My independently produced audio edition of Homeland, read by Wil Wheaton, is now available direct from me as a $15 MP3 download. The audiobook not only features Wil's reading, but also Noah Swartz reading his brother Aaron Swartz's afterword and Jacob Appelbaum reading his own afterword, recorded at the Berlin studio of Atari Teenage Riot's Alec Empire.
"When Don Katz first called and explained ACX to me I started to get excited. I've loved narrating audiobooks—winning the Audiobook of the Year Audie Award for The Graveyard Book was one of my proudest moments—and I am lucky in that almost all my books are now available in audiobook form. But I'm constantly astonished at how many great books, beloved books and books that have a special place in my heart, are not, and mostly never have been, available as audiobooks. ACX seems a brilliant way to change that. In an ideal world you should be able to listen to every book you love being read by someone who's perfect for it. Getting involved in ACX, and curating my own label within it, is my way of trying to help us get to that ideal world."Neil Gaiman uses ACX tools to liberate audio rights and to produce quality audiobooks! (Thanks, Juke!)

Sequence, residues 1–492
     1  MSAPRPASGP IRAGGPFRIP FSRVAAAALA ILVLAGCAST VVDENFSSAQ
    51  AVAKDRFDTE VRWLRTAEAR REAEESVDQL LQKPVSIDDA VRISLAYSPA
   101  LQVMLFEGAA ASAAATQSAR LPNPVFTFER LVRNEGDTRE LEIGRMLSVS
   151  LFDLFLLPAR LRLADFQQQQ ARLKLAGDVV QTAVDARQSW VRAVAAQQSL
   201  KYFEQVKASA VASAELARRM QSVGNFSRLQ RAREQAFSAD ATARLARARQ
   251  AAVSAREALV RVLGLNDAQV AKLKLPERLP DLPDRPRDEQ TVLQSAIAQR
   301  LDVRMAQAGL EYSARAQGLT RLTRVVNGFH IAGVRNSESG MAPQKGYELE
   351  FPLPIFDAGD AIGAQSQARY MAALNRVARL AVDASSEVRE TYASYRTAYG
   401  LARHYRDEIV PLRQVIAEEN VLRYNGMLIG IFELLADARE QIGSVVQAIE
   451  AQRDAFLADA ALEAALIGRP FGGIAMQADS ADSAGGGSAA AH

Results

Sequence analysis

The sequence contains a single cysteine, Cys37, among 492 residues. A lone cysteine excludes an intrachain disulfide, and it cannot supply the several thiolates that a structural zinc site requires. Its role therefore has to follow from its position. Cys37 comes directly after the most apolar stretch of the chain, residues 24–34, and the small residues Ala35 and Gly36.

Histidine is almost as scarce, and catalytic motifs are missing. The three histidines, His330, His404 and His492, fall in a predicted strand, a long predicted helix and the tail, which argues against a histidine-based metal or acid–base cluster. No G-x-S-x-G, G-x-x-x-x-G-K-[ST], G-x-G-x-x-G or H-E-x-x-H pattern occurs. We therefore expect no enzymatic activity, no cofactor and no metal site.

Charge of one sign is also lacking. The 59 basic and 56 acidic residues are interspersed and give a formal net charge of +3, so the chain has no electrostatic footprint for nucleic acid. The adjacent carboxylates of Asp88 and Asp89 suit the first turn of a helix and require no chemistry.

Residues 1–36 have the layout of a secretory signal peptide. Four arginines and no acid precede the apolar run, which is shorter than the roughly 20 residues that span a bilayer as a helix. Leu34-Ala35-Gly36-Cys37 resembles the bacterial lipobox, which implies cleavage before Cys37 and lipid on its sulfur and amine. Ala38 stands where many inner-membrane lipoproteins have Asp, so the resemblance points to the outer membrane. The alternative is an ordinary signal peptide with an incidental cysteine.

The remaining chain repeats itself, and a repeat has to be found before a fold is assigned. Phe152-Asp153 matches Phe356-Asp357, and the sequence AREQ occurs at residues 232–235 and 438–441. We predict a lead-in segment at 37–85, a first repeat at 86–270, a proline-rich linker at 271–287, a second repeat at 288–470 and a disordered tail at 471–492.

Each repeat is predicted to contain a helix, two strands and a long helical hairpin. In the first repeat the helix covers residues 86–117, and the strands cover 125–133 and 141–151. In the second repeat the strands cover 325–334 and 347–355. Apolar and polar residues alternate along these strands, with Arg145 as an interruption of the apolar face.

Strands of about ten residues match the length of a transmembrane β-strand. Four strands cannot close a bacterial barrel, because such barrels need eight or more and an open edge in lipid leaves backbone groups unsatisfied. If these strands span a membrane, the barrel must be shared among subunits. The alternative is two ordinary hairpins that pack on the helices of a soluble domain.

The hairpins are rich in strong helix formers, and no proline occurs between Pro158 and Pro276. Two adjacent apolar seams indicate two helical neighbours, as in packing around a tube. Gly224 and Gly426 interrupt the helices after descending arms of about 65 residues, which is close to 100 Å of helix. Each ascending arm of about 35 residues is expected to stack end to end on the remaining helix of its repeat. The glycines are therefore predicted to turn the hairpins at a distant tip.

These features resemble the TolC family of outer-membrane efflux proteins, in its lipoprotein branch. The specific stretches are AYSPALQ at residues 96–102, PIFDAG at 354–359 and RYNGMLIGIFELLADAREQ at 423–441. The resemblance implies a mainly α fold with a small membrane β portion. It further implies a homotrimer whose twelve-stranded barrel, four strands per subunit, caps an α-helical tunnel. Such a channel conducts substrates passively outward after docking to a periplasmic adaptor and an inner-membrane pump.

Malaysia's Y&R agency created these fantastic "ear worm" ads for a line of Penguin kids' classic audiobooks. I love the combination of kids' book illustration with anatomical detail and a Penguin-Classic-esque layout and colour scheme. That said, I'd avoid the digital download versions of these audiobooks like infectious material, as they appear to be poisoned with some species of DRM requiring you to use "Ingram Audio Manager," a bit of proprietary crashware. I'll stick with buying and ripping the CDs.
(via Street Anatomy)
The stories are read by Bronson Pinchot, whom you'll remember from his role as "Balki" on the sitcom "Perfect Strangers." This wasn't the greatest TV ever produced, and Pinchot's scenery-chewing comedy accent work was often over the top, but what little laughs Strangers evoked inevitably belonged to him.Read the rest